As if we had a better choice
January 2014 is only the year’s first month but it already shows how the rest of the year can go.
A low pressure area dumps its rains in northern Mindanao and kills about 40, an early glimpse of a weather pattern that can continue to be deadly. It did not cause undue alarm to the rest of the country simply because it was not deadly enough – except to the areas affected who were flooded, isolated and experienced typhoon season-like conditions in January.
As rains inundated northern Mindanao, the story of sub-standard bunkhouses was like a low pressure area for DPWH, NHA and the whole Yolanda reconstruction effort. It was not such a major scandal because there were not yet that many bunkhouses, because even Ping Lacson said there was no overpricing but that sub-standard materials were used. However, it rained on our parade so early in the year.
Then came the privilege speech of Sen. Bong Revilla. I can understand that being silent as when one is the center of a controversy can very well mean guilt. What I cannot understand is to say something that is worse than saying nothing. Accusing the President of trying to influence the senator’s vote during the impeachment trial of former Chief Justice Rene Corona in a meeting that was kept secret from public knowledge sounded discordant. It seemed very much that Sen. Revilla wanted to build up on a related topic that was also mentioned in another privileged speech by Senator Jinggoy Estrada.
If anyone can still recall, Senator Jinggoy accused the administration of trying to influence the votes of several senators during the same impeachment trial by approving project requests months after the conviction of Corona. It was a queer way of trying to influence – by doing something when everything was already over. But the speech did open up another issue that remains controversial – the DAP (Disbursement Acceleration Program). A case against the constitutionality of the DAPO was filed before, and entertained by, the Supreme Court.
Senator Revilla’s claim that he secretly met with the President did not make him appear less guilty because it had nothing to do with whether he stole people’s money or not, whether he is guilty of plunder or not. In fact, the speech reminded government of an interesting detail that had been brought up by the whistleblowers of the PDAF scam – that Napoles first dealt and gave kickbacks to former Senator Ramon Revilla, Bong’s father. I am sure that this little detail will be subjected to more scrutiny, and may merit another senator charged of plunder.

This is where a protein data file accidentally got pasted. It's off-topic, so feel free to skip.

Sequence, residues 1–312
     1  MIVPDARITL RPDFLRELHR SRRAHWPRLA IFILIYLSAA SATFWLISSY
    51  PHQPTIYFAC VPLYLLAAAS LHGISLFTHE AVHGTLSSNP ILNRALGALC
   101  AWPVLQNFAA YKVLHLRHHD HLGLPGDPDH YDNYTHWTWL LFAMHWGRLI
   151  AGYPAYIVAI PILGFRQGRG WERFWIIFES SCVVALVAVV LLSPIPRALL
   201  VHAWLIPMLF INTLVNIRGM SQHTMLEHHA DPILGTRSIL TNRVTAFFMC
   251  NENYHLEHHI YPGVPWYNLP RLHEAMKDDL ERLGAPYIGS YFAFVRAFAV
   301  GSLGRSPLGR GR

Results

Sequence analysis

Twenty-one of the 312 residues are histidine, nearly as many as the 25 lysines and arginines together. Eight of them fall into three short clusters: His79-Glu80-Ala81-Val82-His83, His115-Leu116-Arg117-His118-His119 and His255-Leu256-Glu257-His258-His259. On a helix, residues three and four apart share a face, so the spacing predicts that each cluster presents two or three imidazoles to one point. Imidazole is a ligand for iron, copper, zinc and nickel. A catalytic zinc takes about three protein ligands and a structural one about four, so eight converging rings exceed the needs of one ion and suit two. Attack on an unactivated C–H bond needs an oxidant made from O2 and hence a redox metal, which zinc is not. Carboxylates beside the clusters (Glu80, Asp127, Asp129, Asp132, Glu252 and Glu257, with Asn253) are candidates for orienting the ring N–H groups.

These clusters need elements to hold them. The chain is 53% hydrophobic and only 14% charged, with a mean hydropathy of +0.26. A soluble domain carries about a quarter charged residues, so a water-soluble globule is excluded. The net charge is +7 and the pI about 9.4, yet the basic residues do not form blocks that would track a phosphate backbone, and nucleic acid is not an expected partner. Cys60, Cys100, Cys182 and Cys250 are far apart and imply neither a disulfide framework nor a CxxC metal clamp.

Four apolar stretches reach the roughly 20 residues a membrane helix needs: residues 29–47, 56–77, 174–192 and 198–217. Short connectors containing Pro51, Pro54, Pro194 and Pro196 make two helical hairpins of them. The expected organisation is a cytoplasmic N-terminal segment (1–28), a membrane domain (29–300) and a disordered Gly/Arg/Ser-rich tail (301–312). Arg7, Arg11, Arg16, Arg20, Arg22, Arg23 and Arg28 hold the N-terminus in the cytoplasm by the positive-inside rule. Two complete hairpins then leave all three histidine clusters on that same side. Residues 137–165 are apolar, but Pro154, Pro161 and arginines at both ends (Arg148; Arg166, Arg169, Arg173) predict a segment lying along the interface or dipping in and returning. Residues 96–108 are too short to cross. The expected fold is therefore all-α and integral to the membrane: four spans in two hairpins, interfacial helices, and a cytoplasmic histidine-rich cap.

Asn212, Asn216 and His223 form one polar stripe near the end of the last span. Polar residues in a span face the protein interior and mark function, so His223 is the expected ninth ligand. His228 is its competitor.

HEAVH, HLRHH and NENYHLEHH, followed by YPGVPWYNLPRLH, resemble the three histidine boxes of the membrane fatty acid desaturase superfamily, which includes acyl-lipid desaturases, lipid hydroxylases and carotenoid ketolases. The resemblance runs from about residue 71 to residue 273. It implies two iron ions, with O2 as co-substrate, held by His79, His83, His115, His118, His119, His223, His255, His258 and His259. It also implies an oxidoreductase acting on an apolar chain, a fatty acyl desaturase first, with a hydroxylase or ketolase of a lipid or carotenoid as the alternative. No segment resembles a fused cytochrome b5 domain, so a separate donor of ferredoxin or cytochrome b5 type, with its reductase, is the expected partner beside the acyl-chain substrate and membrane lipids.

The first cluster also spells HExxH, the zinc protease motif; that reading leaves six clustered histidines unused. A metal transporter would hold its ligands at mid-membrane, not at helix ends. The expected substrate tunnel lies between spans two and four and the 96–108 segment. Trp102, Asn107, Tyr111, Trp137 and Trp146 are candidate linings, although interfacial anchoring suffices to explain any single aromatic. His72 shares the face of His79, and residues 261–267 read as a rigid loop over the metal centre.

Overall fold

More interesting, though, is President Aquino’s own admission that he did meet with Sen. Bong Revilla but denied doing or saying anything inappropriate, that he did exhort the senator to judge on the merits of the case and his conscience. To some legal minds, and especially minds that already have expressed political opposition to P-Noy during his term, the very act of meeting with a senator to discuss the Corona impeachment was an impeachable act. It did not matter what was said, but that anything was said at all.
Of course, many other legal minds also say that the impeachment was a political process even more it was one that was purely legal. They claim that the president can discuss it even with then senator judges. What would be questionable was whether discussing the issue involved a presidential bribe, and implying that P-Noy had tried to do so two years after the fact seemed to bury Sen. Bong Revilla’s credibility even more. The negative response to the senator’s speech was almost absolute and he all the more became the object of scorn and derision.
Meanwhile, the trust and approval rating of P-Not remained solid and even affirmed by a similar +73 approval rating for how he was handling the Yolanda relief. After all the noise that his opponents tried to hype in the last two months, it does seem that it has remained that way – just pure noise that did not change how most of the Filipino people felt about the President.
My own belief is that the majority of Filipinos see through the motivation of P-Noy bashers – that political and personal enemies of the President just want to fail, and be removed from office for any reason, by any means. I believe that the haters of the President have themselves become discredited sources of accusations for their consistent attempts to bring down P-Noy.
I also believe that the people appreciate the gravity of the problems we all face as a nation, that corruption at all levels resists attempts of reform (as in rice smuggling), that poverty continues to be a national concern and a daily curse to its victims, that the post-Yolanda reconstruction effort needs the cooperation, not opposition, of all sectors, that climate change is pointing to more disasters, not less, and that the economy must sustain its growth so jobs and more investments can also grow.
The Filipino people know that solutions are in order, and Presidential bashers have almost never proposed any serious answers to our many problems – they just produce more accusations and criticisms. The propagandists, or demolition operators of P-Noy face the reality that Filipinos, especially the younger generations, want to make things better, not worse. Bringing down the President before the eyes of the people and the world is not viewed as the way to address our problems.
No nation is built on hate, except that nation which must first destroy itself by strife and violence following the more traditional bloody revolution. Civil war is the only pathway to instant change – with no assurance that the change will be for the better.
We must build our nation on faith, on sacrifice and hard work. We must seek to do things together, to choose bayanihan over greed, to choose harmony over divisiveness. This is the challenge of governance; this is also the challenge of good citizenship.
As if we had a better choice.
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